Apple co-founder Steve Jobs dead at 56October 6th, 2011 - 2:11 pm ICT by BNO News
CUPERTINO, CALIFORNIA (BNO NEWS) — Steve Jobs, the iconic entrepreneur who co-founded Apple in the 1970s, died in California on Wednesday after a long battle with various health issues, his family said. He was 56.
“We are deeply saddened to announce that Steve Jobs passed away today,” Apple’s Board of Directors said in a brief statement. “Steve’s brilliance, passion and energy were the source of countless innovations that enrich and improve all of our lives. The world is immeasurably better because of Steve.”
The statement continued: “His greatest love was for his wife, Laurene, and his family. Our hearts go out to them and to all who were touched by his extraordinary gifts.”
A statement from Jobs’ family added that he died peacefully while surrounded by his family, but gave no details about the cause of death and his place of death although it is believed he passed away at his home in Palo Alto, a city in the San Francisco Bay Area of California.
“In his public life, Steve was known as a visionary; in his private life, he cherished his family,” Jobs’ family said in a statement. “We are thankful to the many people who have shared their wishes and prayers during the last year of Steve’s illness.”
It added: “We are grateful for the support and kindness of those who share our feelings for Steve. We know many of you will mourn with us, and we ask that you respect our privacy during our time of grief.”
With the first products assembled in a small Palo Alto garage, Steve Jobs and Steve Wozniak co-founded Apple Inc. - at first known as Apple Computer, Inc. - in April 1976. The first product to be sold was the Apple I, a personal computer.
Years later, following the Apple II series and Apple Lisa, the company introduced the Macintosh on January 24, 1984 after airing the now famous ‘1984′ television commercial which also aired during the third quarter of Super Bowl XVIII.
“We think a lot of them are gonna get into the home but we like to say they are going to get there through the garage door,” Jobs said in 1984 when introducing the Macintosh. “People are going to bring them home over the weekend to work on something, Sunday morning they are not going to be able to get their kids away from them and maybe one day they’ll even buy a second one to leave at home.”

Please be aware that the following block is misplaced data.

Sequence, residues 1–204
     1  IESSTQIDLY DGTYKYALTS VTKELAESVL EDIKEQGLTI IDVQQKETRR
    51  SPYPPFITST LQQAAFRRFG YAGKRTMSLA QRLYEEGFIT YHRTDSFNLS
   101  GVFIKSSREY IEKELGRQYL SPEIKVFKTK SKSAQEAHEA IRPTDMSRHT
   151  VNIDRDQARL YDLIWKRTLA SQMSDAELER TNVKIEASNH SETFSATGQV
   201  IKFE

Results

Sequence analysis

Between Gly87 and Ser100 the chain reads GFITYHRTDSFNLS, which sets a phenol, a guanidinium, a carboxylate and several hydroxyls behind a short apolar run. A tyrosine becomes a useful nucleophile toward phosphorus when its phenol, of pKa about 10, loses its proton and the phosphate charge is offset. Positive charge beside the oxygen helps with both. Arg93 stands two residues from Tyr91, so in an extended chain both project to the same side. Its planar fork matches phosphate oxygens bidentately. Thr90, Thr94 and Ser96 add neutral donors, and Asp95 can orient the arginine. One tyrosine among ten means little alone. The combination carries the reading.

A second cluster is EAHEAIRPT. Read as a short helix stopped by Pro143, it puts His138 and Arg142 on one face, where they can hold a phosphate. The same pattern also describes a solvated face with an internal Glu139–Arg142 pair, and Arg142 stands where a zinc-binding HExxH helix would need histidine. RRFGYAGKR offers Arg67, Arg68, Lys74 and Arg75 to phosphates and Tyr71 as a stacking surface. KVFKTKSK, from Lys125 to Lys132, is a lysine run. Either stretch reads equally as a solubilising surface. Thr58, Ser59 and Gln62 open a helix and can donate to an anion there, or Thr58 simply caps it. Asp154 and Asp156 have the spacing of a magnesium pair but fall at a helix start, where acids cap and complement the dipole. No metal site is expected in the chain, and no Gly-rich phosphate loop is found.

Despite its high price and limited range of software titles, the Macintosh initially sold well. But just over a year later, in September 1985, a power struggle developed between Jobs and then-CEO John Sculley, leading to the resignation of Jobs who went on to create computer company Next, Inc.
In 1996, Apple announced that it would buy NeXT for $429 million, bringing Jobs back to the company as an adviser. He quickly became interim CEO after the ouster of then-CEO Gil Amelio due to a record-low stock price, massive layoffs and crippling financial losses. Jobs, upon taking over as interim CEO and eventually CEO, began to concentrate Apple’s efforts on returning to profitability.
In 1998, as Jobs continued to lead Apple’s struggle to make money, the company introduced the iMac which quickly became the fastest-selling computer in Apple’s history. “The strangest thing about Apple is that it hasn’t had a good consumer product. Here’s one of the best consumer brands in the world and they haven’t had a compelling product under 2,000 dollars,” Jobs said in a 1998 interview.
He added: “The one we introduced today, the iMac, is incredibly sweet. So I think it’s going to make a big difference. This 1,299 dollars product is faster than the fastest Pentium II you can buy. You can go out and buy a 400 megahertz Pentium II and this thing smokes it. And so it’s amazing, and the markets never had a consumer product this powerful and this cool looking.”